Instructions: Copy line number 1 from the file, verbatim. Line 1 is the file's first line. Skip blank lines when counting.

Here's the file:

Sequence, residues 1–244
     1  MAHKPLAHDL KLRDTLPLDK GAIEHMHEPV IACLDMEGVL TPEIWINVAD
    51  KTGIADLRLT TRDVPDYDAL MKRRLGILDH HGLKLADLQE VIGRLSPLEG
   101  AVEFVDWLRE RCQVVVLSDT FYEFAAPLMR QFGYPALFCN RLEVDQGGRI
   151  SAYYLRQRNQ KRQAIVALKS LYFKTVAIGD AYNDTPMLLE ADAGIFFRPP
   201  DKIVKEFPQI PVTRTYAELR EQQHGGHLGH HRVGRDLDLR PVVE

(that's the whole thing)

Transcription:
Sequence, residues 1–244